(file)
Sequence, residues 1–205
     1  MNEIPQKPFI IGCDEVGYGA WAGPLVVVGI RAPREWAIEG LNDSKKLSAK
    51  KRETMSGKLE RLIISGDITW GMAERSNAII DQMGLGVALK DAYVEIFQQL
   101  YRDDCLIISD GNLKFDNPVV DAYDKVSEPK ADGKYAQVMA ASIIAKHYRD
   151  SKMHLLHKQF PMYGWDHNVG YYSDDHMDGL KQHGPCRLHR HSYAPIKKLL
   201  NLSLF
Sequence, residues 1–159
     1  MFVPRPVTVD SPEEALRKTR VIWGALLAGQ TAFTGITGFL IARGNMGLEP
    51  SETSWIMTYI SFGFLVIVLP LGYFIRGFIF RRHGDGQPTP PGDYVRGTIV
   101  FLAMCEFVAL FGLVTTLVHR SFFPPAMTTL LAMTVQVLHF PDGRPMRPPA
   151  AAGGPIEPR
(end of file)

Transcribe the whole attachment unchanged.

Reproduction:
Sequence, residues 1–205
     1  MNEIPQKPFI IGCDEVGYGA WAGPLVVVGI RAPREWAIEG LNDSKKLSAK
    51  KRETMSGKLE RLIISGDITW GMAERSNAII DQMGLGVALK DAYVEIFQQL
   101  YRDDCLIISD GNLKFDNPVV DAYDKVSEPK ADGKYAQVMA ASIIAKHYRD
   151  SKMHLLHKQF PMYGWDHNVG YYSDDHMDGL KQHGPCRLHR HSYAPIKKLL
   201  NLSLF
Sequence, residues 1–159
     1  MFVPRPVTVD SPEEALRKTR VIWGALLAGQ TAFTGITGFL IARGNMGLEP
    51  SETSWIMTYI SFGFLVIVLP LGYFIRGFIF RRHGDGQPTP PGDYVRGTIV
   101  FLAMCEFVAL FGLVTTLVHR SFFPPAMTTL LAMTVQVLHF PDGRPMRPPA
   151  AAGGPIEPR